Love Note

Dear Harmony Fields Customers,

Happy (almost) Valentine’s Day! We love you and have some news to share that pulls on our heartstrings. After a lot of deliberation, we are taking a break from cheesemaking in 2024. We need some time to upgrade our facility and adapt to the new and ever-increasing food safety regulations in dairy production. We also want to focus on time with our family this year.

La Bertha in the Slough Food cheese case.

Our plan is to remodel and expand parts of the creamery and attain 3rd party food safety certification in order to sell our cheeses, specifically La Bertha, through more wholesalers. We want to grow, but not too much. This effort is going to take a lot planning and, as we have learned over the last six seasons of running our solar-powered sheep creamery, it’s really hard to step back and look at what we’re doing critically when we’re in the throes of milking and making cheese constantly. As many people close to us know, it’s a 7-day a week commitment from April to September. Once the milk starts, our life can feel like a runaway train.

Creamery as shipping container in early 2018.

A little history, for those of you new to our farm. Our creamery plan was hatched with the USDA Value Added Product Grant Feasibility Study we completed in 2015 (right before our first daughter, June, was born!). Dean and I started building the new sheep barn when June was one and Eloise was still a little seed in my belly. It’s a long story, but we ultimately received the USDA VAPG Project Grant right after Eloise was born and had to use those funds (for supplies, labor, branding, packaging, and small equipment) immediately to launch our cheese business. I have come to learn that the USDA does not have a maternity clause in their grants (Trust me, I called a lot of higher-ups about this!), so we had to use that money right away (vs deferring a year or two). It was a great business funding opportunity we couldn’t pass up, despite the busyness of our new family life!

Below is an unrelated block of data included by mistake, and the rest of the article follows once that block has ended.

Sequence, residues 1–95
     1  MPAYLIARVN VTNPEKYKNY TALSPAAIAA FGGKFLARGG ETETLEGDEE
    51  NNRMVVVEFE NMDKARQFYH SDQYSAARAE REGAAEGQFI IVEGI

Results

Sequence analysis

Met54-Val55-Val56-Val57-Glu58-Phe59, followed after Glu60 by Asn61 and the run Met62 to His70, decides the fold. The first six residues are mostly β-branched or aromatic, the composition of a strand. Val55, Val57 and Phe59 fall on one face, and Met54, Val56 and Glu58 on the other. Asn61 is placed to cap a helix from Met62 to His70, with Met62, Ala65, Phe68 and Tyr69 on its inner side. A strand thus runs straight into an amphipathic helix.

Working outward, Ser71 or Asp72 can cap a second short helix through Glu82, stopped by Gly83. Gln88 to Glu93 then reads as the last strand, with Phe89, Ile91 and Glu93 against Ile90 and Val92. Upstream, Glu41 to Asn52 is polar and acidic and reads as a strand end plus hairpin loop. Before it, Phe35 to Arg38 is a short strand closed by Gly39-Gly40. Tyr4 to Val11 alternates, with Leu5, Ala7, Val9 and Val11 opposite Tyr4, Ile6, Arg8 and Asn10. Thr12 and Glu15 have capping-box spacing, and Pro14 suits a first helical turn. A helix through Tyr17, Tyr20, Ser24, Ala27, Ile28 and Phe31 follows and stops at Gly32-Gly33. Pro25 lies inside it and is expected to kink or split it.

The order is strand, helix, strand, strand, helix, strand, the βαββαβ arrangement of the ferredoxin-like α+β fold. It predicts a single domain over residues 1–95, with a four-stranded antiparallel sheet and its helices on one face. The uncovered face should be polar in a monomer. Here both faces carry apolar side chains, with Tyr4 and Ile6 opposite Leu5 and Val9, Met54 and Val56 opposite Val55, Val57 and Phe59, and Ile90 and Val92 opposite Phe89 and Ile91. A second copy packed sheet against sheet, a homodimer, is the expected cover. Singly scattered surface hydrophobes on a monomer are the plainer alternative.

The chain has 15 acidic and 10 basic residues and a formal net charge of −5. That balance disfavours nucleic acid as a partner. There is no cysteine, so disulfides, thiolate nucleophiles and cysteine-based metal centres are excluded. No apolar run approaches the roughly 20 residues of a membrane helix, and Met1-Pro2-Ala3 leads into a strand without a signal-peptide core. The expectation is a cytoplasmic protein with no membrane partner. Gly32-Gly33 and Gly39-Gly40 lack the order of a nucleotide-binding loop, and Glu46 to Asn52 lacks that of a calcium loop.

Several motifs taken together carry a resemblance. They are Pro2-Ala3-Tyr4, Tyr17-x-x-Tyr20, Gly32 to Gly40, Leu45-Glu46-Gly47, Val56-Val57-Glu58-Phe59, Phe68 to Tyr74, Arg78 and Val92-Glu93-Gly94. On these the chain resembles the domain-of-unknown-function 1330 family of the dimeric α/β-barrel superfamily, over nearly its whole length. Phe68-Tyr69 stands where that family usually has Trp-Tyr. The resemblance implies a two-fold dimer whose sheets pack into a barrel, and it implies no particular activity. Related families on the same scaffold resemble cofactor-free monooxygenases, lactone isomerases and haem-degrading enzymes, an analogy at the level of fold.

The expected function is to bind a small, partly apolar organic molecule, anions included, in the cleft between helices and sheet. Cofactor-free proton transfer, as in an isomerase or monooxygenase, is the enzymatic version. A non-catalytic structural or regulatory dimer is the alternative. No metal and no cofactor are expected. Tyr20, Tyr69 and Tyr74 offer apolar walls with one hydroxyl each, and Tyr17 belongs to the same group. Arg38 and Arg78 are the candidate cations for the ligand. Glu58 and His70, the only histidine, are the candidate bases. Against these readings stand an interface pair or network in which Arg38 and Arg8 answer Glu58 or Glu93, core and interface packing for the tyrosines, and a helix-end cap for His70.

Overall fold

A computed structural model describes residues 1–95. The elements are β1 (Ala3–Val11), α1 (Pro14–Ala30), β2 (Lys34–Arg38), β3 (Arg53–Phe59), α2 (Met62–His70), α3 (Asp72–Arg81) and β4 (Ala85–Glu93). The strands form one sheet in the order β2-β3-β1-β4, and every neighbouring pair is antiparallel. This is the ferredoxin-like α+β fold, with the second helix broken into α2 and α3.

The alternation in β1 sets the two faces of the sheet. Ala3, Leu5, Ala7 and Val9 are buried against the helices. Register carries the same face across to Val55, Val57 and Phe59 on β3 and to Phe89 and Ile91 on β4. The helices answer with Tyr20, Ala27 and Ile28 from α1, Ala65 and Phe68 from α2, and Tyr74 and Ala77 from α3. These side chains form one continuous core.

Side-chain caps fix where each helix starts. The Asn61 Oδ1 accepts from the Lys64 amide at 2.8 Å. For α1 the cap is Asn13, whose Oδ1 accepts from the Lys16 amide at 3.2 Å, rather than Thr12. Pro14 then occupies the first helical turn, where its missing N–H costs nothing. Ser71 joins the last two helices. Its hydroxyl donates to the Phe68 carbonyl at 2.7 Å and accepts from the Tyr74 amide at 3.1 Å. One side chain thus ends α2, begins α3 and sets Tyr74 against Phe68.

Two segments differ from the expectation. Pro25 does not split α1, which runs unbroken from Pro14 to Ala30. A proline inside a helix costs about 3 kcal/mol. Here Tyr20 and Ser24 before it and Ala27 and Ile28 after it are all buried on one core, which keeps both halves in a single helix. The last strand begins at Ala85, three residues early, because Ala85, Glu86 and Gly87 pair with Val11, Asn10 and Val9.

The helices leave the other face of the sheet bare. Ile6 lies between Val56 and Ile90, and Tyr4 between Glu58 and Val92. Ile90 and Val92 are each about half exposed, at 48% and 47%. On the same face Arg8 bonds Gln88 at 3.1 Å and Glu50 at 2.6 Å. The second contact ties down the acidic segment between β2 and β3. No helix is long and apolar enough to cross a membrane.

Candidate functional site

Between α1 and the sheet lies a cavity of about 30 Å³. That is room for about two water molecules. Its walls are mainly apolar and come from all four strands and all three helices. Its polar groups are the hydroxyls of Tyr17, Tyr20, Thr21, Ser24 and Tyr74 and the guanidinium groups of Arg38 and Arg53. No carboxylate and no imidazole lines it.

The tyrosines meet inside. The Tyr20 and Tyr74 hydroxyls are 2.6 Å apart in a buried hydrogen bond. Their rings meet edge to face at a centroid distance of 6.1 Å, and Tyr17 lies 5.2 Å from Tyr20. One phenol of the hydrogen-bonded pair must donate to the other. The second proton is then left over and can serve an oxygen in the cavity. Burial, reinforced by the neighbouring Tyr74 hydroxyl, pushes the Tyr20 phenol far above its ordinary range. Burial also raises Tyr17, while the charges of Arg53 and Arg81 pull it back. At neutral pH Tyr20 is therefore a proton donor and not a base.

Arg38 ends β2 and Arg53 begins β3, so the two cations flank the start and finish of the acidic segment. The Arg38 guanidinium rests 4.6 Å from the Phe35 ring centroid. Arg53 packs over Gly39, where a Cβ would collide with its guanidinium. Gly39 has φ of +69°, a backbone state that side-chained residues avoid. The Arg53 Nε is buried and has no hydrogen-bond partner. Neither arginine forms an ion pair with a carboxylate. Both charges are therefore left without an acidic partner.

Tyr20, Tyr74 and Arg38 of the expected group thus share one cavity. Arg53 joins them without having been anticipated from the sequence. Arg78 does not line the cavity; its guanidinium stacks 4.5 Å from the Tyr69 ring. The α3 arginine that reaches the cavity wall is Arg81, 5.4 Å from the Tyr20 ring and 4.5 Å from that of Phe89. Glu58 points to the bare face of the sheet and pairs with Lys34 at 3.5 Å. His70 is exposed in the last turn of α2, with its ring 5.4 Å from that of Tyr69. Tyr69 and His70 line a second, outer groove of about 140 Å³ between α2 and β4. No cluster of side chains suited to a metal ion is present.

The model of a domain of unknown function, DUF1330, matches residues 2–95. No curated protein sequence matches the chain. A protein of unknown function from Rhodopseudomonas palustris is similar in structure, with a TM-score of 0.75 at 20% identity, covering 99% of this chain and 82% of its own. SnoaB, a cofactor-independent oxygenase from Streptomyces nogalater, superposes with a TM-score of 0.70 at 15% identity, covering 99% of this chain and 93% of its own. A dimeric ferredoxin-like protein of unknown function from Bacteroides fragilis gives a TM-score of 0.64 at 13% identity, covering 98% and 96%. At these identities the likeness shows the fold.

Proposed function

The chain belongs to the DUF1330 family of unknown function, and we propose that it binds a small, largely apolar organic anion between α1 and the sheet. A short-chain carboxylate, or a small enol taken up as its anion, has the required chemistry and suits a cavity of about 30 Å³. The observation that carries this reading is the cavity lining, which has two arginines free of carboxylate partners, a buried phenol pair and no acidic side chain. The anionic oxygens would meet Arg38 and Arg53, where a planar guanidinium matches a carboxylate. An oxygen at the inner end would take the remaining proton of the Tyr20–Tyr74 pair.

Dean making a 4th of July delivery, 2020.

In many ways, taking the deep dive into parenting and dairying simultaneously created a healthy symmetry to our life and if you have read any of my creative writing you will know how raising sheep has helped me be a better mother. Our farmstead creamery felt like a haven during the pandemic years, insulating us from a hectic and uncertain time. It was a relief to be at home with young babes and lambs and I felt very grounded by our daily routines.

From Taproot Magazine, 2019. Illustrations by Julianna Swaney.

So, while this all feels a little odd to write, I have learned that farming only allows you so much time within a growing season and there are always new lessons to learn. This year, the lesson is to embrace the pause. Instead of plowing through the summer, our extended off-season will allow us the chance to get caught up on the many (many!) little projects we just don’t have time to complete during a normal farm season and get these larger developments in motion. We will be spending a lot of time with extended family as well. I have been writing grants and reaching out for advice and consultations with cheese experts and dairy specialists. I have been relishing in how far we have come and how much we have learned in such a short period of time. This creamery really was an old, funky shipping container (see above) at one point not that long ago!

June and Eloise “helping” with barn chores.

We will have lamb and wool products available all year, so that is a great way to continue to support the farm. Please feel free to reach out with any questions. While we may have some select cheeses available, we will not be able to offer our beloved CSA this year. Thank you to all that have participated in our Summer Sheep Cheese CSA. Your support has meant so much to us and you will be the first to know about 2025 plans! (Don’t worry, I still fully intend to lamb-spam you in April as usual.)

Thank you all for your continued support of what we do!

With much love,

xoxoJessica & Dean and the Harmony Fields flock